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Health, human and veteran services offer annual reports

WALKER — Cass County Health, Human and Veterans Services (HHVS) presented their annual report to the county board April 3.

The department is staffed by 19 public health employees, 33 in income maintenance, 33 in social services and two in veterans services in 2011. There was a net reduction .7 full-time equivalent position in 2011.

HHVS opened an office in the land department building at Backus in October in addition to the main Walker office.

Employees processed about 1,515 intakes in 2011 for adult and children family services and have a 24 hour intake by using a cell phone connection to the sheriff’s office after regular business hours.

Social Services

The department processed 260 chemical dependency assessments in 2011, up from 219 in 2010. There was $74,288 spent on chemical dependency treatment and $114,047 on detoxification services in 2011, compared with $110,802 for treatment and $167,652 for detoxification in 2010.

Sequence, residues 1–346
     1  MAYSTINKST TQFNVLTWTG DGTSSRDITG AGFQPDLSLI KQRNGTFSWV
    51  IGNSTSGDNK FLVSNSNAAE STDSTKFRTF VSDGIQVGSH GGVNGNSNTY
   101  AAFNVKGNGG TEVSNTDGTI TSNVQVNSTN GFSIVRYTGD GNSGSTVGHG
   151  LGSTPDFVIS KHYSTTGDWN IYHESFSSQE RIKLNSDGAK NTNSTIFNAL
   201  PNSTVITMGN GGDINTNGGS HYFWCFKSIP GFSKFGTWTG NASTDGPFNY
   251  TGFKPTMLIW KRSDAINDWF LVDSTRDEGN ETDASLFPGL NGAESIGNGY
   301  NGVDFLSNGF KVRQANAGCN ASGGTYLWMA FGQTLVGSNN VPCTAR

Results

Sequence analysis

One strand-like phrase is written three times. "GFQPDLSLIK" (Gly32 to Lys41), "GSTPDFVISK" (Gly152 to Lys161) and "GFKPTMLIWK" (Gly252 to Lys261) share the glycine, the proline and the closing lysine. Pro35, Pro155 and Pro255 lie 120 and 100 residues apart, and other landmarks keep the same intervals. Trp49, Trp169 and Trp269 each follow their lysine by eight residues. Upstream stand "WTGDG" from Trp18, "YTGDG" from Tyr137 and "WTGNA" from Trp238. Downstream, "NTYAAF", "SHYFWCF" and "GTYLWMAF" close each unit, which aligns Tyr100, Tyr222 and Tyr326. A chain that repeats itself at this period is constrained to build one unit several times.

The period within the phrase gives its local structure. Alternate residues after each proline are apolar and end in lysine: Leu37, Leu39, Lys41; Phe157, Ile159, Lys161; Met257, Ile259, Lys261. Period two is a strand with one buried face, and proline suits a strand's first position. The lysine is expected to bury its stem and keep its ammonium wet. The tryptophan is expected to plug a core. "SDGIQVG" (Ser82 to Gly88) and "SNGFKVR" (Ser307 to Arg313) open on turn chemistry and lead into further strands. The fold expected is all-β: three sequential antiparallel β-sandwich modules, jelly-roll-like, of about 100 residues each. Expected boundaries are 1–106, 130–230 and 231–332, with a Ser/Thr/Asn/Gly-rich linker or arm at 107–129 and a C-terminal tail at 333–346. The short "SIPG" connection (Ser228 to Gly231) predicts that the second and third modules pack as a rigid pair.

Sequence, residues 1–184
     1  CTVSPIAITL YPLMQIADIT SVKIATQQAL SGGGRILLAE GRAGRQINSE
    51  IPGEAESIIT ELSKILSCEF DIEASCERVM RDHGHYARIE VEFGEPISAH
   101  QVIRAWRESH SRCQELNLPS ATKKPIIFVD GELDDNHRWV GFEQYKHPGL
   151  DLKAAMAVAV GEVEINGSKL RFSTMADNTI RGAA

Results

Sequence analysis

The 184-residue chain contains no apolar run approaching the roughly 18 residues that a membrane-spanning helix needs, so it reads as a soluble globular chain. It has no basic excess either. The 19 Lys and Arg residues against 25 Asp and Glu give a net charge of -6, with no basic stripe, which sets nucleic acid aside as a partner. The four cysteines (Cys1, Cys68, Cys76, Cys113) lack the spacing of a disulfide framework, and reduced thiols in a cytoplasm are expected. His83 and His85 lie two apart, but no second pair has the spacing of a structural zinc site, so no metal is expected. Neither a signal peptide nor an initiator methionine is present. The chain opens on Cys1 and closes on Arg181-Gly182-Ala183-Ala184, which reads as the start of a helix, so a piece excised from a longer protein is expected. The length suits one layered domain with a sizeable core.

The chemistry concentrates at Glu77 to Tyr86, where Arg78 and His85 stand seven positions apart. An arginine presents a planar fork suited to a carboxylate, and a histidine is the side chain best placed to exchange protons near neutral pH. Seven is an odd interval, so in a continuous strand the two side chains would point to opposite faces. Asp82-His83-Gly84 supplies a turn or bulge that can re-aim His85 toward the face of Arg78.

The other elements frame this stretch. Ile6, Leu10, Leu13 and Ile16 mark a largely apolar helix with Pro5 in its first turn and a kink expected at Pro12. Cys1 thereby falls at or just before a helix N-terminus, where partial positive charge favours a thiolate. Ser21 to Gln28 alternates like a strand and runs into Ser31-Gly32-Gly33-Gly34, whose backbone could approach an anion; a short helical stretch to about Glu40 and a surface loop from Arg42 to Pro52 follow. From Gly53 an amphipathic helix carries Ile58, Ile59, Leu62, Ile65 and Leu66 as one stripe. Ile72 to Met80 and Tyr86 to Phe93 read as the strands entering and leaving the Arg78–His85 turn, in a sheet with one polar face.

HHVS Business Management Director Melanie Wolfe said HHVS does not have data to track whether the decline in detoxification costs is related to the fact there were not detox services available in Crow Wing County during the year, which might otherwise have served the southern half of Cass.

Cass did continue to use detox services at Pine Manor at Nevis and at Northland Recovery.

HHVS spent $146,904 for hold orders, poor relief and crisis beds for adult mental health services, well below the budgeted $385,000.

There also is a community support program for people diagnosed with mental illness. The budget to fund this was reduced, but services still are available to help people obtain employment, develop skills and connect with resources to meet basic needs. There was $143,575 spent in 2010 and $131,408 spent in 2011. The 2012 budget is only $114,440.